According to the Manhattan Ghost Signs Digital Collection , an attractively designed new website created by Queens College Graduates Otto Luna and Dana Rubin to catalogue the fading ads of the Garment District (using the extensive photo-archive of Walter Grutchfield), Seely Shoulder Shapes was originally called Seely Shoulder Pad Corp., located at 263/5 W. 40th St. from 1945 until 1956. Shoulder shapes or pads are still produced today for the fashion industry, but no longer at this address.

In a New York Times article in which I was featured and provided the front page image, David W. Dunlap stated the following about the fate of this sign: “Another vintage sign that is not destined to last much longer trumpets Seely Shoulder Shapes, a garment business from the 1950’s. Painted byArtkraft Strauss, which is still in operation, the mural is at 265 West 40th Street, on the site where The New York Times is planning its new headquarters.” After the New-York Historical show came down, I tried to sell the collection. One of my benefactors is the lovely Tama Starr, President of the Artkraft-Strauss outdoor advertising company whom I had the pleasure of spending an hour or more talking about the sign painting industry. Starr was very encouraging of the campaign and gave me a copy of her seminal book about advertising Signs & Wonders, The Spectacular Marketing of America.

In Starr’s book, she speaks primarily on the illuminated sign industry although she does touch upon the origins of advertising and the innate ability of humans to create signs and symbols. In a section she calls “From Cave Artists to Wall Dogs,” Starr addresses questions about which I’ve always speculated, like what was the first advertisement and who invented the wall ad? Starr writes:

The story of outdoor advertising traditionally begins with the first symbolic marketers, the cave dwellers during the Upper Paleolithic period, starting about 40,000 years ago. At Lascaux, France, and elsewhere, elaborate action murals depicting a variety of animals and lively hunting scenes portray the dynamic relationship between hunters and the migratory beasts who represented fundamental economic forces: food and clothing, the entire constellation of blessings that Nature could either bestow or withhold.

Anthropologists identify these Stone Age rendering – the first wall-mounted messages – as the earliest examples of both art and writing. They speculate that, like modern media, the messages were intended to influence as well as reflect the viewer’s life. Like advertisements, they depict dreams fulfilled – the animals rushing into the hunters’ traps – and urge specific, concrete action – Hunt! Be hunted! – on both parties to the economic transaction.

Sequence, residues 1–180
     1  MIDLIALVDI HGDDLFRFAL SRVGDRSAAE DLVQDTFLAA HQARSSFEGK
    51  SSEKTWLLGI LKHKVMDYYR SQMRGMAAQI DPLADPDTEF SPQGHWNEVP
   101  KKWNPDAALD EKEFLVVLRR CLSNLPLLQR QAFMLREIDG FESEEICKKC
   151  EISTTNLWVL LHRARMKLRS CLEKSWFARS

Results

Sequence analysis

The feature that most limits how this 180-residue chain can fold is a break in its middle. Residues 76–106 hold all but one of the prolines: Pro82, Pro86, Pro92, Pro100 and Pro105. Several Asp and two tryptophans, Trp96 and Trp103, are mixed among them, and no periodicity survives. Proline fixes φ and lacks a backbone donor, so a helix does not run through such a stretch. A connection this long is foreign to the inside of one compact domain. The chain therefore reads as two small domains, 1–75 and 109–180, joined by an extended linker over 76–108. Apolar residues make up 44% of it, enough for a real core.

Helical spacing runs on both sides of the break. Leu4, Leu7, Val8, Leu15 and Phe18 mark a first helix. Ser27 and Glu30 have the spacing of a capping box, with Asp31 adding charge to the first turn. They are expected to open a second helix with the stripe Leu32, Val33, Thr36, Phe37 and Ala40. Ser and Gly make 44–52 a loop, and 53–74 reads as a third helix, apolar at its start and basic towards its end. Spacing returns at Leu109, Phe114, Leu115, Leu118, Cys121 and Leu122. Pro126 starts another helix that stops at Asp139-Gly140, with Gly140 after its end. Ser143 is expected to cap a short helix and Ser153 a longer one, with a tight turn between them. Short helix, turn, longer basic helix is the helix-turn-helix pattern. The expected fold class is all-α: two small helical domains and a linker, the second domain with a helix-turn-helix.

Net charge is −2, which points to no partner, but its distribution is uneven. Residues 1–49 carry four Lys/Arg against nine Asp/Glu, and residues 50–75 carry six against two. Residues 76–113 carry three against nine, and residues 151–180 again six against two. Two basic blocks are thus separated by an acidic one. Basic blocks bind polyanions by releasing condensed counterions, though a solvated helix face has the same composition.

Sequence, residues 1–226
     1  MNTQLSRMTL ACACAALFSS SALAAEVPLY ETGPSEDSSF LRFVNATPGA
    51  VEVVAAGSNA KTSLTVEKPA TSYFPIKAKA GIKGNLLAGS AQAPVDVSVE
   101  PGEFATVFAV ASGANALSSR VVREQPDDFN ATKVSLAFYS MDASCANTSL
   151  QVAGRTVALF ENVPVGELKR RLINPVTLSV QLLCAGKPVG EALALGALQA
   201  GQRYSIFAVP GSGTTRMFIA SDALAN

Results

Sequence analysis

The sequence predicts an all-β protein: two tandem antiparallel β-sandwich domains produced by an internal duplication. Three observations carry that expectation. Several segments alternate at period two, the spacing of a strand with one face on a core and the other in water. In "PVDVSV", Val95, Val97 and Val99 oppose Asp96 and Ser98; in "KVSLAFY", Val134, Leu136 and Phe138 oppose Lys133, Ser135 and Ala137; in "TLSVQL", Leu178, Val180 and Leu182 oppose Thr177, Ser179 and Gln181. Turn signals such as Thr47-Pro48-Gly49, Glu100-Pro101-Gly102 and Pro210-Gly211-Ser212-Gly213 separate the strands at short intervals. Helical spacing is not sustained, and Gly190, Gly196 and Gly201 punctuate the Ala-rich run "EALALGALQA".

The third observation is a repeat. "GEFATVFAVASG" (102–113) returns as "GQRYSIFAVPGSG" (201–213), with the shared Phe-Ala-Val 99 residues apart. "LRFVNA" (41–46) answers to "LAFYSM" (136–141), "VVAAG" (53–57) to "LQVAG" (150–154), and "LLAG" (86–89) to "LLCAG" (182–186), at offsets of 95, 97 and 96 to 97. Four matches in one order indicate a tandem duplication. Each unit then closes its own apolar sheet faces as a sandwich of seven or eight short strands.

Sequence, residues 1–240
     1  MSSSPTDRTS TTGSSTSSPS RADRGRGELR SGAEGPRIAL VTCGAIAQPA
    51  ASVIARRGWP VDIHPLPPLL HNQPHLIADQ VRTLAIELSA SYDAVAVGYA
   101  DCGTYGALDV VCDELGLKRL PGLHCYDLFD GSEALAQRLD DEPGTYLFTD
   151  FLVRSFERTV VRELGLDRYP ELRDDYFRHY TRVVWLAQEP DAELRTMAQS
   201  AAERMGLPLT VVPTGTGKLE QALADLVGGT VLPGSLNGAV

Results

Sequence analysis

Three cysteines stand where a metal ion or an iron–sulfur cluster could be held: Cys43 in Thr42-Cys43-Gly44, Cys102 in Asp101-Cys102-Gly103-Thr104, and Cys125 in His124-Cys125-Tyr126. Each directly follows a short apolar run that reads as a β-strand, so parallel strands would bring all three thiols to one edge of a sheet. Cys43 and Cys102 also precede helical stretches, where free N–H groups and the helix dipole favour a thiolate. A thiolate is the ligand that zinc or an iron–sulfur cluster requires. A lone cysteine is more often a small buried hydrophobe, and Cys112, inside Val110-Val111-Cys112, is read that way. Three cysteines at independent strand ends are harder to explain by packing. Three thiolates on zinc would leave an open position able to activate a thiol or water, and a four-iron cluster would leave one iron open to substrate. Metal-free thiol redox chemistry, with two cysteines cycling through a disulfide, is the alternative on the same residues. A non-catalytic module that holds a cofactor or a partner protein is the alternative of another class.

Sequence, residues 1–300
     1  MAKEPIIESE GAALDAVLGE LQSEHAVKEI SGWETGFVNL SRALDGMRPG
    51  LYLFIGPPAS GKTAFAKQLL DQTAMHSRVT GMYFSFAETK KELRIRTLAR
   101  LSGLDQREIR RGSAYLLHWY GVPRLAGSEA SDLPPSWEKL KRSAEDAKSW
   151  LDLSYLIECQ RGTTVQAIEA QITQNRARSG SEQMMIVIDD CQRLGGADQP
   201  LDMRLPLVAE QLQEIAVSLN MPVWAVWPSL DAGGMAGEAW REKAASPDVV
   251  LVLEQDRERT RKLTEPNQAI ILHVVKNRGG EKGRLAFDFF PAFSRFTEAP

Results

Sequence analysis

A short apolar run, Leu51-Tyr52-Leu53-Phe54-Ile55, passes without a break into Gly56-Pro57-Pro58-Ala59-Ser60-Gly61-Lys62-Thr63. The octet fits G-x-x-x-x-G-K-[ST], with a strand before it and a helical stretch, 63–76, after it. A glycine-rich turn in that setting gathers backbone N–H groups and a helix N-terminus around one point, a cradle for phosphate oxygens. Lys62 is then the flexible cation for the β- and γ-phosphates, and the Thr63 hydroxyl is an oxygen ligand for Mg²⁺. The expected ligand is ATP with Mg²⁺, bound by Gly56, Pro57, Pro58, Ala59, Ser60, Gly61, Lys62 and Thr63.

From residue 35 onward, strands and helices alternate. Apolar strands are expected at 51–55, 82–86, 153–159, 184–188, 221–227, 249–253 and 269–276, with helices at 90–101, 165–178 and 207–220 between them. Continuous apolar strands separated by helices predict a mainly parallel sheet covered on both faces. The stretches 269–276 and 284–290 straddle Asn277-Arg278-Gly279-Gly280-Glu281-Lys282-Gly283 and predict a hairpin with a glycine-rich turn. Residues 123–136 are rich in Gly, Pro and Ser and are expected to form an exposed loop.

All known cultures use signs, in one form or another, to convey straightforward messages with immediacy. Anthropologist Ashley Montagu defines a sign as a “concrete denoter” with an inherent, specific meaning: “This is it; do something about it!” He points out the essentially human character of signs by noting that while many types of animals respond to signals – interruptions in an energy field for the purpose of communicating – only a few intelligent and highly trained animals can understand even the simplest signs.

History’s first known poster bulletin was a notice of a reward for a runaway slave posted on a wall in the Egyptian city of Thebes more than 3,000 years ago. Egyptian merchants of the same periods chiseled sales messages into tall, square stone obelisks and roadside stone tablets called stelae, and painted them in bright colors to attract the attention of passersby.

In Pompeii, billboard-like walls covered with advertisements were preserved in the lava that engulfed them when Mount Vesuvius erupted in A.D. 79. Excavations there have revealed wall messages on the shady side of the marketplace too, offering enticing invitations along the lines of “For a Good Time, See Cora.” And even earlier, in ancient Greece, innovative practitioners of what may arguably be the world’s second-oldest profession (symbol-making being necessarily precedent) expanded their out-of-home client base by carving the message “ΕΠΟϒ ΜΟΙ,” “Follow Me,” in the bottoms of their leather sandals, leaving an impression in the clay pavement as well as in the imaginations of potential customers. The connection between the two ancient occupations was not limited to amateurs, however. Modern visitors to Kuşadasi in Turkey are shown magnificent Byzantine mosaics that once served as on-premises business signs for houses of pleasure.

The Romans brought the use of whitewashed walls with painted ads on them on their conquests throughout Europe. They also developed artful on-premise business signs specially designed for the illiterate, such as a friendly-looking bush denoting a tavern. Some ancient trade symbols – such as the three golden balls of the pawnshop, the giant key of the locksmith, the big shoe of the shoemaker, and the red and white stripes of the barber – have remained in use for a thousand years and more.

Tama Starr loved the image of Seely Shoulder Shapes and bought it. As I signed the photo for her she signed her book for me:

Frank Jump! It’s always a good sign to meet a new friend. Best wishes always, Tama Starr 7/14/00

I believe this image still hangs in Tama Starr’s office.